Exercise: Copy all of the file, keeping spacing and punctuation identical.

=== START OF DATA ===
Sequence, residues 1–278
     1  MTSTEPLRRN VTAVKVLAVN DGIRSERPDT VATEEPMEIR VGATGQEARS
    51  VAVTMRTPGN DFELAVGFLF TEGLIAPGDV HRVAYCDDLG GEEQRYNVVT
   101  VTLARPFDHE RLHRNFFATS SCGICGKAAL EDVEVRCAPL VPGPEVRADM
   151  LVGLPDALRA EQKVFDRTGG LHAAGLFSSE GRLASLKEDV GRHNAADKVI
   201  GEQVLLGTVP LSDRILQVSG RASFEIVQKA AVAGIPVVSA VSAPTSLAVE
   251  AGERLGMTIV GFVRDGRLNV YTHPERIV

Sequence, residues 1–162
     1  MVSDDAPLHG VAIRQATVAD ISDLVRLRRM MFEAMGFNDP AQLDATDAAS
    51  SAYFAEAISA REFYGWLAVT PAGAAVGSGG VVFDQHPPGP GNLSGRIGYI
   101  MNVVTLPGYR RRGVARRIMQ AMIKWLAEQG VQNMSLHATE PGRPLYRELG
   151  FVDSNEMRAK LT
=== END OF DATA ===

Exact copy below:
Sequence, residues 1–278
     1  MTSTEPLRRN VTAVKVLAVN DGIRSERPDT VATEEPMEIR VGATGQEARS
    51  VAVTMRTPGN DFELAVGFLF TEGLIAPGDV HRVAYCDDLG GEEQRYNVVT
   101  VTLARPFDHE RLHRNFFATS SCGICGKAAL EDVEVRCAPL VPGPEVRADM
   151  LVGLPDALRA EQKVFDRTGG LHAAGLFSSE GRLASLKEDV GRHNAADKVI
   201  GEQVLLGTVP LSDRILQVSG RASFEIVQKA AVAGIPVVSA VSAPTSLAVE
   251  AGERLGMTIV GFVRDGRLNV YTHPERIV

Sequence, residues 1–162
     1  MVSDDAPLHG VAIRQATVAD ISDLVRLRRM MFEAMGFNDP AQLDATDAAS
    51  SAYFAEAISA REFYGWLAVT PAGAAVGSGG VVFDQHPPGP GNLSGRIGYI
   101  MNVVTLPGYR RRGVARRIMQ AMIKWLAEQG VQNMSLHATE PGRPLYRELG
   151  FVDSNEMRAK LT